The report does not explicitly recommend implementing regulations that would quash the activities of amateurs and community labs, as recommendations of that nature were outside its scope. It also contains several caveats explaining that it would be difficult for the average biohacker to create a dangerous weapon using the equipment and supplies available to them in a community lab. The study does its best to remain balanced and academic in tone.

Still, the report uses the biohacker movement to suggest that America’s current strategies to protect against the catastrophic misuse of biology may be insufficient. Traditionally, generally agreed upon norms and voluntary guidance governed the practice of science, along with formal regulation. As science, specifically biology, becomes more accessible to amateurs, demonstrated by the growth of the biohacker movement, self-governance mechanisms become more untenable.

This line of reasoning betrays a mistrust of the abilities of amateurs to hold themselves to a high standard of safety and responsibility. It also includes a belief that simply because they have not been formally trained in a graduate program, they are more susceptible to either evil intentions or catastrophic failure during an experiment.

New York Times Article

In May, the New York Times published a long article on the continuing growth of the biohacker movement. The title betrayed the author’s view of the movement: “As D.I.Y. Gene Editing Gains Popularity, ‘Someone Is Going to Get Hurt.’”

The story opens by introducing a brilliant teenager who works as a research fellow at Stanford and operates a “cutting-edge research laboratory” in a corner of his bedroom. The teen acknowledges that the current regulation of scientists operating outside the walls of institutions like Stanford are “simply [not] good enough.” He believes that the current framework will break down at a time in the future.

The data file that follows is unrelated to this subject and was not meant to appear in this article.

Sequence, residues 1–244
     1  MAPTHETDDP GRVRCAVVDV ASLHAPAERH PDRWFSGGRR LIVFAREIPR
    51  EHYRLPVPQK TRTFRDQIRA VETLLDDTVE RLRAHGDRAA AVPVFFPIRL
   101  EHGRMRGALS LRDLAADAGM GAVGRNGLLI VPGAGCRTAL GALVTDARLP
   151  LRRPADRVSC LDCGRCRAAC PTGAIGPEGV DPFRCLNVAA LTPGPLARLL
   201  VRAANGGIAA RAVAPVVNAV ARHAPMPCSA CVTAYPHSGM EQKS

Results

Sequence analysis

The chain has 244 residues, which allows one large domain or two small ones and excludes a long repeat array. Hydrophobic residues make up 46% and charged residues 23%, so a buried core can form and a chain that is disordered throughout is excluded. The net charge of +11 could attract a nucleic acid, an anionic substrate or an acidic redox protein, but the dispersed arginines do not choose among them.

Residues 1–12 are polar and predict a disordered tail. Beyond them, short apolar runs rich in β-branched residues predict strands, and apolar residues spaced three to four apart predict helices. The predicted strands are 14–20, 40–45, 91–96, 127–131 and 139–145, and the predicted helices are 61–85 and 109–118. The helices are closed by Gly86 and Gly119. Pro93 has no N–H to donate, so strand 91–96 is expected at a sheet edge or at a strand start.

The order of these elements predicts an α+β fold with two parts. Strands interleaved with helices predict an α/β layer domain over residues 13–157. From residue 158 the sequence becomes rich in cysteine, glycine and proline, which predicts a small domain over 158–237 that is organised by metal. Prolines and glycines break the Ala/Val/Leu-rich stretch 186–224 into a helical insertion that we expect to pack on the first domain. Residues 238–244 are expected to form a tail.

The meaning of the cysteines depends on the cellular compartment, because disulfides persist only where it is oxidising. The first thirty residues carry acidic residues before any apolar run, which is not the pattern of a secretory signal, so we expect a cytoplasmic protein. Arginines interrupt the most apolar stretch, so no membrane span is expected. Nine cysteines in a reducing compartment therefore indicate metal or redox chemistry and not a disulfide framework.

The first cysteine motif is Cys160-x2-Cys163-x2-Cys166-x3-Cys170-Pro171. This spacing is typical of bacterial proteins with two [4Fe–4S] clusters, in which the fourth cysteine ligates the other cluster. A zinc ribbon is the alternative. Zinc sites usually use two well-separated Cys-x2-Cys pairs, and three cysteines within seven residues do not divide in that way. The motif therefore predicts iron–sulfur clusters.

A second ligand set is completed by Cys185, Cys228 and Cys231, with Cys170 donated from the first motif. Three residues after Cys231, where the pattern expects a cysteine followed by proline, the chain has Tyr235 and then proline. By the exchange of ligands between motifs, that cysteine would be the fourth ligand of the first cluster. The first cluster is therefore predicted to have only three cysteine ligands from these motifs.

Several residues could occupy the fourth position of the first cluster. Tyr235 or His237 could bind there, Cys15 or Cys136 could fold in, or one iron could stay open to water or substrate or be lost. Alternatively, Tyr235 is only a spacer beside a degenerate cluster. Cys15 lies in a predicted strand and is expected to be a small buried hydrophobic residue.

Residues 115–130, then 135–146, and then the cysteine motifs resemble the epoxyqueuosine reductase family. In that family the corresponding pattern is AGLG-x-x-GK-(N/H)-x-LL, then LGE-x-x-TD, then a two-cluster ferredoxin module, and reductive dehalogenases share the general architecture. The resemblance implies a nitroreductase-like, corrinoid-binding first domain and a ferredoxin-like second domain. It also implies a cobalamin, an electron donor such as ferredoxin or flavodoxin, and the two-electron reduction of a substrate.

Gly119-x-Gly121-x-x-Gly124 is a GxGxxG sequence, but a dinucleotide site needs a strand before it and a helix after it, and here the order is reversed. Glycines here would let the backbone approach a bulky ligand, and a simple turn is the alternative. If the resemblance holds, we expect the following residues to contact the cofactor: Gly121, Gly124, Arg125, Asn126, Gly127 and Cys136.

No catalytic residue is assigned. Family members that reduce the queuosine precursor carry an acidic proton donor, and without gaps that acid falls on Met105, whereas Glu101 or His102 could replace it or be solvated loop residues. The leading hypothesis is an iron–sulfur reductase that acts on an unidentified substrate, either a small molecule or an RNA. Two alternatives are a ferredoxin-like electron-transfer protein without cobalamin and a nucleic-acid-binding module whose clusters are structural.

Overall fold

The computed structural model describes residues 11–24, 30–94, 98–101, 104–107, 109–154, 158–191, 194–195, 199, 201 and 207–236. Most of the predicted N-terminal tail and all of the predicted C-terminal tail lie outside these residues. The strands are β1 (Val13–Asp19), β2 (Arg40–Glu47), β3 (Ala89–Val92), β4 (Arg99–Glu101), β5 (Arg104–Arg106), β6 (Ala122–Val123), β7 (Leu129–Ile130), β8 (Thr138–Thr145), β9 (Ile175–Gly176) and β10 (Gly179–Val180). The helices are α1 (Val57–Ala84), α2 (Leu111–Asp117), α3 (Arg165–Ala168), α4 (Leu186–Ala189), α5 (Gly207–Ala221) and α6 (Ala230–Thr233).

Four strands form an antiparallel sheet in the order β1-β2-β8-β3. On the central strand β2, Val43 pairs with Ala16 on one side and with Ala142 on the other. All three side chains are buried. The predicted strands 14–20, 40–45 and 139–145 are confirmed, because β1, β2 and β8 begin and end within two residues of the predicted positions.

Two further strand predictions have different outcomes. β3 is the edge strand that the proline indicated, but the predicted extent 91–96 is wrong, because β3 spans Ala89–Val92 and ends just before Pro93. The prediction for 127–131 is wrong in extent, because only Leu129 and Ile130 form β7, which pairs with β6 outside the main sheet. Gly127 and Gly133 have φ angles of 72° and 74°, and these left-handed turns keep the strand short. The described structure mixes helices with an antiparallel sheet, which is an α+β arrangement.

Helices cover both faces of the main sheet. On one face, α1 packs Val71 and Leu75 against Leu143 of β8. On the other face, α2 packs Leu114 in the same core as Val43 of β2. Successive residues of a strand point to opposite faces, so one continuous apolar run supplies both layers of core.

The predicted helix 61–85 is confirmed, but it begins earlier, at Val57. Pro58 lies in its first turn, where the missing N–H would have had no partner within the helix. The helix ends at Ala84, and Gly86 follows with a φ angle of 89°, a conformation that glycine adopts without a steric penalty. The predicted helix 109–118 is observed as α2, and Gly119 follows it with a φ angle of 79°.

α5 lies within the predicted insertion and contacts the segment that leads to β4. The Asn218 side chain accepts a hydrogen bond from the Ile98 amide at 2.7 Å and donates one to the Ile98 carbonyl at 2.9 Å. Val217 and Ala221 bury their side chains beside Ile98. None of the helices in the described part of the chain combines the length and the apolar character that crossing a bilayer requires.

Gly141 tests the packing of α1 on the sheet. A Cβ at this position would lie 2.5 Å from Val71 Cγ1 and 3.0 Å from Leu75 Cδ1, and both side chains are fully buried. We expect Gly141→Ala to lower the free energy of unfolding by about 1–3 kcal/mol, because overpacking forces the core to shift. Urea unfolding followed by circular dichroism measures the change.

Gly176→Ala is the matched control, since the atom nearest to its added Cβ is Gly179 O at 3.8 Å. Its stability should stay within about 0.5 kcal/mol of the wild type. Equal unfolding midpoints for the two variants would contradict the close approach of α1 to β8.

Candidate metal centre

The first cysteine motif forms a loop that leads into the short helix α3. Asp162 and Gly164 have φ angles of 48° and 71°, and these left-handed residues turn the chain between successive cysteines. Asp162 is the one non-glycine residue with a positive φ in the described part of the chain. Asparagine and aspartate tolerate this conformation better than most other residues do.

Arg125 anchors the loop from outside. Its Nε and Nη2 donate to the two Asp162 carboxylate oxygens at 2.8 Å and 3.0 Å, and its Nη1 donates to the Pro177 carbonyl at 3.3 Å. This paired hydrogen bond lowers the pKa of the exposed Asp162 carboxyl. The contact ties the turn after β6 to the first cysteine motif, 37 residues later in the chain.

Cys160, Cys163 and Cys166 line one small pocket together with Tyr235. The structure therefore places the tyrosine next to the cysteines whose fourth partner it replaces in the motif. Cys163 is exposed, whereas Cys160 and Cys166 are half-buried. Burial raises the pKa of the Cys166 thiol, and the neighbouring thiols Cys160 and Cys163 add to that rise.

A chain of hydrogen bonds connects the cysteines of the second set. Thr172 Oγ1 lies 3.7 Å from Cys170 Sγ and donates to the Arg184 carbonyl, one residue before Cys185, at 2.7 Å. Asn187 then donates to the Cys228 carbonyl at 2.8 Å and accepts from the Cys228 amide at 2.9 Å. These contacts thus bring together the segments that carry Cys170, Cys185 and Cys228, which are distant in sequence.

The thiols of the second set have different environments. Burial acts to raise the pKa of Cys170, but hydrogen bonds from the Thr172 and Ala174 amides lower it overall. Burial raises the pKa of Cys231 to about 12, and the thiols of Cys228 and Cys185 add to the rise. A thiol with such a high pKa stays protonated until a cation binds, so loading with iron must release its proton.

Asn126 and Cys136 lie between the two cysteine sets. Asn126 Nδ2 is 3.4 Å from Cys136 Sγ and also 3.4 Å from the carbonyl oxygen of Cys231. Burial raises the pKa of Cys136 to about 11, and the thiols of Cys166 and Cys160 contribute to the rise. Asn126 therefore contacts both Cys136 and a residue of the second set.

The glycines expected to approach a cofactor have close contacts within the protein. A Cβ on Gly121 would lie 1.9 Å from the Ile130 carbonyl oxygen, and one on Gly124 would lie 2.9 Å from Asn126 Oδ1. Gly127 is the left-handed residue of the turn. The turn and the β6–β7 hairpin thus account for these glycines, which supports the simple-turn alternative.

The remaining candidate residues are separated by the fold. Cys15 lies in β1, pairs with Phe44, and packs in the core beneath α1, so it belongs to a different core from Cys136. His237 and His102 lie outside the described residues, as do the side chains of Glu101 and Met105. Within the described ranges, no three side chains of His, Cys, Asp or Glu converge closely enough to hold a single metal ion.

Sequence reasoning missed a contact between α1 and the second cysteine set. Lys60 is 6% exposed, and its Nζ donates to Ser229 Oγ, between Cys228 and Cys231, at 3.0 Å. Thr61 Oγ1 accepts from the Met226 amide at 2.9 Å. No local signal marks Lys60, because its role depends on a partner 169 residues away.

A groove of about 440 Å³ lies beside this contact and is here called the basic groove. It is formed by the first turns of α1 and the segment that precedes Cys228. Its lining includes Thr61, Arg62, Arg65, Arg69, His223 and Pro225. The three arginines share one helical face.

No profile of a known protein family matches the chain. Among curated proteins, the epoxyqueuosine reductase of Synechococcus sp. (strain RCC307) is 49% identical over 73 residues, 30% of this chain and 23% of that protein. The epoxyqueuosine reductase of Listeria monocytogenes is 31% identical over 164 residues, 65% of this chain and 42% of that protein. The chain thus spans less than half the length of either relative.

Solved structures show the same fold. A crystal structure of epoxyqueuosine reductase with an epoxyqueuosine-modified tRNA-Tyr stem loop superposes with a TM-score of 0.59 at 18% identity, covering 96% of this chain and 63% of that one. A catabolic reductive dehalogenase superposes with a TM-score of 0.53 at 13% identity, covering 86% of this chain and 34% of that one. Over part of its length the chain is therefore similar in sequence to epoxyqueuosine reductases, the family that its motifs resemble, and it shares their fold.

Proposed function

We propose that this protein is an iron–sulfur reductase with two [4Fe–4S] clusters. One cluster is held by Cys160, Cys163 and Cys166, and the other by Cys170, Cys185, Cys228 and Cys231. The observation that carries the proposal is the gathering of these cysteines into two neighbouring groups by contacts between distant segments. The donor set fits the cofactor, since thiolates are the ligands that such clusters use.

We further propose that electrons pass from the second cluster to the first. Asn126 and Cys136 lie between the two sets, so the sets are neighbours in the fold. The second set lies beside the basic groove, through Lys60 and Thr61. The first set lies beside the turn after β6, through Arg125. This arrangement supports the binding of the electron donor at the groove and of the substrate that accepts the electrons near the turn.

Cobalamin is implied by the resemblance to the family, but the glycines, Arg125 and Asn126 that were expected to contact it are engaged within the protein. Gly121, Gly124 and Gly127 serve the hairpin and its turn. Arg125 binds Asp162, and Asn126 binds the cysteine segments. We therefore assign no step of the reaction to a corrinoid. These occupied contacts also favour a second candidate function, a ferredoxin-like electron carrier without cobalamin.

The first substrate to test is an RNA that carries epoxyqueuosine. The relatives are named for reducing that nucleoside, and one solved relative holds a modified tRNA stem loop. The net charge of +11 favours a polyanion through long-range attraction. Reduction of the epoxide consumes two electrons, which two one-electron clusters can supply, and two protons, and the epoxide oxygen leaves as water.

The article likewise worries that somewhere soon someone will use biotechnology to create a catastrophe. It points out that a team from University of Alberta has already revived horsepox, a virus closely related to smallpox, by joining several fragments of mail-order DNA. All this without attracting attention from law enforcement.

The author also includes a quote from Harvard geneticist Dr. George Church, a world-renowned expert on synthetic biology. Church states that something deadly could be released “any day now.” Furthermore, “[a]nyone who does synthetic biology should be under surveillance, and anyone who does it without a license should be suspect.”

The story also envisions a future when any biohacker will be able to print genetic sequences at home using technology akin to an ink jet printer. Again, the author points out that a similar device already exists and is available to well-funded institutional labs. It is called the BioXp 3200. Home enthusiasts can purchase ready-made gene-editing experiments from online company The ODIN or from Amino Labs. Such tools may be dangerous in the wrong hands.

The piece concludes, like the National Academies report, without explicitly calling for increased regulation, but suggesting that more is needed. The last paragraphs feature Lawrence Gostin, an adviser to the World Health Organization. He says the only catastrophes that could wipe out millions of people are nuclear and biological weapons. It baffles him that “the U.S. government fears and prepares for the former, but not remotely for the latter.”